Chrissys Posted 27 May 2013 , 7:54am
post #1 of

ASo my little cousin is having her sweet 16... but its not all princess and girly. She wants a 3d BMO cake from a cartoon called adventure time, :/ ?, ive never seen a show but off of this picture I have an idea. About 5 or 6 layers high...but, :( , what worries me is she want the layers without any boards in between..so not tiers. Any advice on how I should go about this? Dowel rods? Like cake "nails" or something?? Please help me. Thanks. :)

11 replies
didavista Posted 27 May 2013 , 9:57am
post #2 of

Ayou will still need some sort of plate or board (same size as the cake so you don't see it) to support the weight of the cake with the dowel. personally l sps system and would use that for support.

cakeyzi Posted 27 May 2013 , 9:59am
post #3 of

AYou have to use boards,not possible otherwise.

Cakechick123 Posted 27 May 2013 , 10:02am
post #4 of

well, how high is your layers going to be? The safest way is to dowel every 4", that is with boards and dowels. I have gone up to 6" without supports, but even that can be risky. Its useless to create this awesome cake without supports and then it collapses on you.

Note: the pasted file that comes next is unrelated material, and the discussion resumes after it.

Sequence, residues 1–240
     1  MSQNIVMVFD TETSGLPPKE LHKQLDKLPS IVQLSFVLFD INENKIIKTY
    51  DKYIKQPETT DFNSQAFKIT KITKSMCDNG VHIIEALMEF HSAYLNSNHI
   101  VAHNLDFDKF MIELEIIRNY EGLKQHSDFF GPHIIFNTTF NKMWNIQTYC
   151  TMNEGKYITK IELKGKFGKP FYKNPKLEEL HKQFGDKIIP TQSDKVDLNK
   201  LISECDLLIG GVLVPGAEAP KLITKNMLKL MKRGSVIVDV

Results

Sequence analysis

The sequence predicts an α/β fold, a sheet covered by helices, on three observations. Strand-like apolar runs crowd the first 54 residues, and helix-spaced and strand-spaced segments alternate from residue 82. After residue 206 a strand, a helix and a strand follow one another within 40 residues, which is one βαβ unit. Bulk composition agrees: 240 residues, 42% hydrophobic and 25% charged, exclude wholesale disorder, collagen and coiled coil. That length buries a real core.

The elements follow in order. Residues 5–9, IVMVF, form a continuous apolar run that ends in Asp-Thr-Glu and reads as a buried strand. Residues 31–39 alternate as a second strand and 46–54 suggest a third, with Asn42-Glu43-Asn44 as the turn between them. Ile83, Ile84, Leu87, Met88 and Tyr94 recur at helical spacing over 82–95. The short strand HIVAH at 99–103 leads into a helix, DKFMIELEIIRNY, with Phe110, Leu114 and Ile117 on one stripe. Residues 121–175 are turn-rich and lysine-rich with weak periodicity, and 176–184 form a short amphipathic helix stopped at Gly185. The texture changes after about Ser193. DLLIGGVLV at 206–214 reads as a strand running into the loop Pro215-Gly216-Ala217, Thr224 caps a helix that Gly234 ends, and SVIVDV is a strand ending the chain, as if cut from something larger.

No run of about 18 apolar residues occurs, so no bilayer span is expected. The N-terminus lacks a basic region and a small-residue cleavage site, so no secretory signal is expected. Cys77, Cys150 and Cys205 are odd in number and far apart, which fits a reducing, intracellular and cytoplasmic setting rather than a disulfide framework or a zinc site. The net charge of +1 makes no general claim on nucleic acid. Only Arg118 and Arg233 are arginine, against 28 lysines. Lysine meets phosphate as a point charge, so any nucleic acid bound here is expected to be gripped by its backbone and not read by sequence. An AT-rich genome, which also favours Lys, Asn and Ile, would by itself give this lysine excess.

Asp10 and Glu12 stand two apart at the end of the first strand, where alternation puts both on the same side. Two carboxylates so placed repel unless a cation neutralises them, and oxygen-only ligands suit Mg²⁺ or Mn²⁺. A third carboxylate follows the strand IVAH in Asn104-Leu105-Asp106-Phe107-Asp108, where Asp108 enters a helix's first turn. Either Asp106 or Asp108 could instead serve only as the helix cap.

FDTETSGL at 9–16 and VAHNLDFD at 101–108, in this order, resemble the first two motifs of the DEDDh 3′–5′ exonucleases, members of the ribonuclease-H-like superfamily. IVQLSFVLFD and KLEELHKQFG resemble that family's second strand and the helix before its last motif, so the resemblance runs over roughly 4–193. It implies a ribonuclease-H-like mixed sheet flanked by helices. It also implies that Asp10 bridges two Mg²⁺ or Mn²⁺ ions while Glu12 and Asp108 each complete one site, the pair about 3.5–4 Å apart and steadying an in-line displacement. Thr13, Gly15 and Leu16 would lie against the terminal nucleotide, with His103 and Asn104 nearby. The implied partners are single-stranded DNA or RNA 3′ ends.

Dowels without boards will be absolutely useless, the combination ensures that the bottom cakes doesnt sag or collapse under the weight from the cakes + deco above.

 

Sometimes you have to tell the clients  to accept what MUST be done to give them a great stable cake, and not let them tell you what they want

leah_s Posted 27 May 2013 , 11:04am
post #5 of

ADitto al of the above.

manddi Posted 27 May 2013 , 11:23am
post #6 of

AThe customer (in this case your cousin) does not get to tell you how to do your job (or hobby). Your cousin doesn't know how to make cakes; that's why she's asking you to do it. I'm not trying to come off as harsh but if you know it needs a support system, use one.

leah_s Posted 27 May 2013 , 4:38pm
post #7 of

again, ditto.

Chrissys Posted 27 May 2013 , 10:16pm
post #8 of

AWith icing in between all layers and boards she is worried about cutting it. As much as ive tried explaining the situation to her. Younger cousins and siblings...grr lol

liz at sugar Posted 27 May 2013 , 10:24pm
post #9 of

Explain to her she can just lift the top cake off, and there will be no problem cutting either tier.  Does she think she has to keep it stacked to cut?

 

Liz
 

Chrissys Posted 27 May 2013 , 10:28pm

AShe doesnt want it in tiers. If I can attach the picture she found and wants ill show it. [IMG]http://cakecentral.com/content/type/61/id/3019109/width/200/height/400[/IMG]

liz at sugar Posted 27 May 2013 , 10:48pm

Yes, that is a double barrel cake, which is like two tiers of the same diameter, stacked on top of each other.

 

Liz
 

liz at sugar Posted 27 May 2013 , 10:50pm

Does she want to serve each guest a 6" or 7" tall piece of cake??

 

Liz

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